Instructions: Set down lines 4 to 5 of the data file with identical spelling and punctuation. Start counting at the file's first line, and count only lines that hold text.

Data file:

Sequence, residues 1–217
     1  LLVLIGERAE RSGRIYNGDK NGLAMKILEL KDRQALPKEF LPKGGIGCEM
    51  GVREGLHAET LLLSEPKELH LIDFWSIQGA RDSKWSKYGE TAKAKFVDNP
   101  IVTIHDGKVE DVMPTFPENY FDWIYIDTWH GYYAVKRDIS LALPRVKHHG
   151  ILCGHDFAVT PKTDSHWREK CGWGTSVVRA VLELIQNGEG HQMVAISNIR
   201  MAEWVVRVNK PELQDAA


   101  IVTIHDGKVE DVMPTFPENY FDWIYIDTWH GYYAVKRDIS LALPRVKHHG
   151  ILCGHDFAVT PKTDSHWREK CGWGTSVVRA VLELIQNGEG HQMVAISNIR